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Q. MOUSE HAIR LOSS
I have a group of pet mice in the same cage that are all starting to lose their hair. They are all four week old litter mates and their mother recently died of a tumor. I have a sister also living in the group from a previous litter and she is losing the hair on her stomach and the hair on her back looks oily. I have about five other cages with mice in them and they all are doing fine. I did change brands of mouse food from a Wal-mart brand to a pet store variety in the last week and I am now back to the Wal-mart brand. I did notice that the pet store brand had oats in it and the Wal-mart brand didn't. They don't have any scabs or bleeding, but they seem to be scratching more than normal. Can you tell me what this might be?

A.
I haven't had this particular problem, as you described it, but some similar cases.

Unless this is an unusual food allergy, the hair loss probably isn't related to food. Foods high in oils can cause oily coats, but not hair loss. Oats are good for mice, although I don't know much about the other parts of the food mix.

Perhaps they have mites? (Look for tiny, sticky white spots that don't come off when you try to brush them off.)

Perhaps it is another parasite, either inside their bodies or outside. Only a vet can perform a test to be sure.

Maybe this line of mice have an inherited hair disorder, as in mice derived from the Astrex coats. If they have curly whiskers, this may be the case. Nothing can be done if this is the case, just don't breed more.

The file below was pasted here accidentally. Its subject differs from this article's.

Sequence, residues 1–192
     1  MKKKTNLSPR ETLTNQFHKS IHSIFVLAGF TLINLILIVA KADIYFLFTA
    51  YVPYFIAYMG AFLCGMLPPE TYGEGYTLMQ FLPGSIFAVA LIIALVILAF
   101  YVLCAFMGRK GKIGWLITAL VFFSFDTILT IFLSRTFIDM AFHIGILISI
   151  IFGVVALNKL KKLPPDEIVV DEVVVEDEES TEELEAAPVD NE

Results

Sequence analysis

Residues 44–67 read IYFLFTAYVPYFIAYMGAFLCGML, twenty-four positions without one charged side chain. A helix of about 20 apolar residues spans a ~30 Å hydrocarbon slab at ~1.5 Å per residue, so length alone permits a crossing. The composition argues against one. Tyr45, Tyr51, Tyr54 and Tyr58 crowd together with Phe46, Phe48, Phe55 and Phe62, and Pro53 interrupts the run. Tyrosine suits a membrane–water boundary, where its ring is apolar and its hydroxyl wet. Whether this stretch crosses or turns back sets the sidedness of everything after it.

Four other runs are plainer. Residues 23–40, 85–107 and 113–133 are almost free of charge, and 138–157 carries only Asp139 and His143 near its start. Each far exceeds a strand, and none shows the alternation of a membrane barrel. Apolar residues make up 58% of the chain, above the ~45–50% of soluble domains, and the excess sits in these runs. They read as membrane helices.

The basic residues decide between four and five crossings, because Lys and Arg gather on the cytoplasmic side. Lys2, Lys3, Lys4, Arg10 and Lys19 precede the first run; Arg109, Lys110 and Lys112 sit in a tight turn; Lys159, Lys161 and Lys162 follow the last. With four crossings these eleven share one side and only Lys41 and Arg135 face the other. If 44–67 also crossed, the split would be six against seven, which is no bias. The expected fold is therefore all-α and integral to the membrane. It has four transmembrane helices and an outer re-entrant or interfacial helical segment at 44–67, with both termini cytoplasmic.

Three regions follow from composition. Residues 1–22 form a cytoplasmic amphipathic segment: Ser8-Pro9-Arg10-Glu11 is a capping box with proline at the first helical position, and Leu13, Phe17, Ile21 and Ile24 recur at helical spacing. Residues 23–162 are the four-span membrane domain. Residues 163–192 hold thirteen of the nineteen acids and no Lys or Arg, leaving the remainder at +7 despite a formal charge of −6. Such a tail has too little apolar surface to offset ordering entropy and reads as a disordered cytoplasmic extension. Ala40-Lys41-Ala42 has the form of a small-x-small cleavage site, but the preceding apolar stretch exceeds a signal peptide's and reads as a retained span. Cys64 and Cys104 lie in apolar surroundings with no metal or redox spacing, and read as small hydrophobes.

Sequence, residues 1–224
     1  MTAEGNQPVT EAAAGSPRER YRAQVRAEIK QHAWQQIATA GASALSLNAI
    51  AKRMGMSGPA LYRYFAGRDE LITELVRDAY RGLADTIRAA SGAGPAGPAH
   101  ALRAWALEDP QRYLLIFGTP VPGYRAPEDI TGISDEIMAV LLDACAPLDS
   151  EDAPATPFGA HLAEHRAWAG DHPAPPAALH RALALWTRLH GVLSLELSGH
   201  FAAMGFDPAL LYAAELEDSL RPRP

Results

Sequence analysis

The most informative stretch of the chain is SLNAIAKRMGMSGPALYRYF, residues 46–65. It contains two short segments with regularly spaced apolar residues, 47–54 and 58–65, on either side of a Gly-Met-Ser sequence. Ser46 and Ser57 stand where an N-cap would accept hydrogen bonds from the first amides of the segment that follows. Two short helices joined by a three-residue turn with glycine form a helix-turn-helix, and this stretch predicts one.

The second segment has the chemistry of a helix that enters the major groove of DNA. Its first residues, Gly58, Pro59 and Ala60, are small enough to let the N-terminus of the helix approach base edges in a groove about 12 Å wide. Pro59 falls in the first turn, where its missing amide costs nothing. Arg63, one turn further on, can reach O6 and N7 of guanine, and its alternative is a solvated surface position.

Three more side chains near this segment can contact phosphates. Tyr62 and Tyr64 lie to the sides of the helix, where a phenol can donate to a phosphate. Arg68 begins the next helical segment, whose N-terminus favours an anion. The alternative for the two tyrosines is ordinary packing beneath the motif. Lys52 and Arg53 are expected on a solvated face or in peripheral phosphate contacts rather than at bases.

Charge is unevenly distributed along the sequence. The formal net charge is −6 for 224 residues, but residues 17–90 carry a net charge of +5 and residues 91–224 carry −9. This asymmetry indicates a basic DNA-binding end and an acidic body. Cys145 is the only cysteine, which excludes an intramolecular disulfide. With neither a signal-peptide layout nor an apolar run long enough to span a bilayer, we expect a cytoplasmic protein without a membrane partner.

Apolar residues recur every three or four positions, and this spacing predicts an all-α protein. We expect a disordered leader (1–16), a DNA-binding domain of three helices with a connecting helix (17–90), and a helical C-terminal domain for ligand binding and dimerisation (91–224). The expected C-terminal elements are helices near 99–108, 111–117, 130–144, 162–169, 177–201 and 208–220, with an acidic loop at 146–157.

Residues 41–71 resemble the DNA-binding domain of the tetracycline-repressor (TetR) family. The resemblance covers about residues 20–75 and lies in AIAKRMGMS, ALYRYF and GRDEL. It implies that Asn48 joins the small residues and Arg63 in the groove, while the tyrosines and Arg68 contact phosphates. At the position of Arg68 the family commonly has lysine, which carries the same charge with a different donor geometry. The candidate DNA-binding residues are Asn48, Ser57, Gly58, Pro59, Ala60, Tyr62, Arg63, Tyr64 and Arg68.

-- Roxanne Fitzgerald, Fitzgerald's Fancys

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Q. SNEEZY FROM PINE?
I recently purchased a grey hooded rat, and all the trimmings for her new little apartment. I lined her house with pine shavings and I have noticed she has been doing little sneezing sounds. Could she be allergic to this?

A.
Pine shavings are toxic to all small rodents and they do frequently make them sneeze, in addition to causing lung and liver damage. She may also have a slight respiratory infection which is common in rats. My advice is to get her off of the pine shavings right away and get her on Aspen or a paper product like CareFRESH, Yesterday's News, Kitty Soft, Cell Sorb Plus, Eco-Bedding, etc... If you can't find any of those, you can use corn cob bedding or rabbit food pellets as litter. They are less desirable, but they're healthy. After you have her on new bedding, watch her for about a week to see if her sneezing stops. If it doesn't, or if she gets worse prior to the week being up, get her to a vet to evaluation and to get her some antibiotics.

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Rat & Mouse Gazette
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Westminster, CA
92683